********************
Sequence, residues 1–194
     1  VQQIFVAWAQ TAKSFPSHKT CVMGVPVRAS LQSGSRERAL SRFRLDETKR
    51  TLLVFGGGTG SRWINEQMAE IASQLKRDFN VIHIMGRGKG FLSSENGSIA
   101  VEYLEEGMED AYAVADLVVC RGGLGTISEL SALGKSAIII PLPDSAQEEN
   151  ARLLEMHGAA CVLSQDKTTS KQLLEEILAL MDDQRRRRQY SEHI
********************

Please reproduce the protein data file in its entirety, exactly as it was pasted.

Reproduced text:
Sequence, residues 1–194
     1  VQQIFVAWAQ TAKSFPSHKT CVMGVPVRAS LQSGSRERAL SRFRLDETKR
    51  TLLVFGGGTG SRWINEQMAE IASQLKRDFN VIHIMGRGKG FLSSENGSIA
   101  VEYLEEGMED AYAVADLVVC RGGLGTISEL SALGKSAIII PLPDSAQEEN
   151  ARLLEMHGAA CVLSQDKTTS KQLLEEILAL MDDQRRRRQY SEHI